I remember years ago, at the end of a 10 day yoga nidra training, hearing Yogi Amrit Desai say that yoga nidra meditation teaches us to "get married to ourselves first."
How? Because during yoga nidra you drop into the deepest integrated self, and it's here you touch stillness, and the God Within You. When you have harmony in your inner world, there will be harmony in your outer world.
Yoga Desai said, "You have the final word about accepting yourself."
This reminds me of when I met my husband at the age of 22, and I hadn't married myself yet. I had no dialogue with my inner world. I had a family legacy of choosing unhappiness and broken relationships. And something inside of me knew I had to go inward, even though I had most definitely met the ONE. At the time, I told him, "I'm too young to commit to one person," but really it was more than this. I wasn't married to myself yet.
So we broke up. I broke it off. I went inward. I spent, at age 26, a year on a mountain top in a cabin, by myself, with a wood burning stove, shoveling five feet of snow every Wednesday.
My grandmother told me I was crazy, wasting my precious twenties.
But by the end of the year, my city-girl hands hardened from chopping wood and defrosting my pipes with a blow dryer most weeks, I had married myself.
Sill, even after that, the road to being with the love of my life was quite a ride.
Several years ago I wrote piece "Happiness: Or How I Married My Husband in Less Than 500 Words." Here's that story.
I choose happiness. I had been repeating this mantra all morning in the shower, as a warm up; to give me the confidence to call him.
When I picked up the phone to call Tim I had just returned from picking strawberries in the summer sun. It was seven in the evening for him in Nairobi. I knew he’d be home.
“Hi,” I began. How else does one begin the rest of their life?
“Karen?” he said, his British accent making the distance feel even greater.
“Yep, it’s me.”
Ready or not here I am, I wanted to say.
“I’m ready,” I repeated, nervous he’d forgotten our code word.
“Ready?” he said like an amnesia victim.
“Yes, I’m ready for us,” I said.
“You and me?” he said in a tone I didn’t like.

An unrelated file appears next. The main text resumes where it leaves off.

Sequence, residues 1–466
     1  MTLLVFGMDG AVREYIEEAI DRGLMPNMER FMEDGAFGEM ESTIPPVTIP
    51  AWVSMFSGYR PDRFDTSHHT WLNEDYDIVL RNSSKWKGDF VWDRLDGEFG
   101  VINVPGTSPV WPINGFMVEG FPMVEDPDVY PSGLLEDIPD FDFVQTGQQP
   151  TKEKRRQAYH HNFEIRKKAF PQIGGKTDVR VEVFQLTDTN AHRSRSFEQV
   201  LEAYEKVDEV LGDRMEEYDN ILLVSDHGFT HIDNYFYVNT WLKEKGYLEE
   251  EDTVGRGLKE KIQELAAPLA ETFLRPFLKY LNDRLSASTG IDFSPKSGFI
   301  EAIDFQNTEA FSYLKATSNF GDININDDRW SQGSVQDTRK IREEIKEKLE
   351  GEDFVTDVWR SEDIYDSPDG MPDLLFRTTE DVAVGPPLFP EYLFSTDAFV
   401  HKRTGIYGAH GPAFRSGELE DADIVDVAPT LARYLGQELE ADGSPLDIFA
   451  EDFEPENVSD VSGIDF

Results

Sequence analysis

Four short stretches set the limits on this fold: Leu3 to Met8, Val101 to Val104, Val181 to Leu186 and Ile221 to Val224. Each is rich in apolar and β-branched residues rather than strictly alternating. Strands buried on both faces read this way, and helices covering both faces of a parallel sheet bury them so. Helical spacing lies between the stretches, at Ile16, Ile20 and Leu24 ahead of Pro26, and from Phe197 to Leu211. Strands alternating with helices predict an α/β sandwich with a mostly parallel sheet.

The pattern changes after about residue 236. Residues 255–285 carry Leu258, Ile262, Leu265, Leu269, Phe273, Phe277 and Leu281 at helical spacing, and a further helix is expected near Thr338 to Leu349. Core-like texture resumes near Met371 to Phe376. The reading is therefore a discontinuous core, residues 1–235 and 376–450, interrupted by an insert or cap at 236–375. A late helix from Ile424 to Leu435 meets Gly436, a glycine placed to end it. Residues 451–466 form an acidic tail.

Ignoring the obvious I said, “You said when I was ready to call you and you’d be ready too.”
Well, he lied. After a year apart and another year living in a cabin on my own deep in the woods, chopping wood on Mondays and shoveling five feet of snow every Wednesday for an entire winter, I had fallen in love with myself. Planted a garden. Noticed the moon. Read Alice Walker books beside a creek. The unhappiness bondage of my lineage had lifted.
I choose happiness.
But it was too late. He wasn’t ready.
“I’m dating a French woman,” he told me. “She’s living with me.”
And that was that.
Two months later, my bags packed for Santa Monica, he calls.
“I dumped the French woman. I only want to be with you,” he says as if confetti had exploded all around him, the band playing, a stadium of supporters cheering.
“I’m dating a guy from Santa Monica,” I tell him holding my bags in either hand, the phone dangling between my left ear and shoulder, my flight leaving that afternoon.
So we drop it – move on - until two months later when it was clear Mr Santa Monica was not happiness. I returned to the cabin with my two bags. Pride made me pause for five minutes before picking up the phone. It was 2am in Nairobi.
“I’m ready,” I say.
“But what happen with – “ he says through a crackling line.
“I am ready,” I say, my lips savoring each word.
“Me too,” heresponds, in rhythm.
I proposed a year later walking out of the shower one evening in my bath towel while he was fixing a lampshade. “Well, it’s about bloody time,” he says.
The chase was over.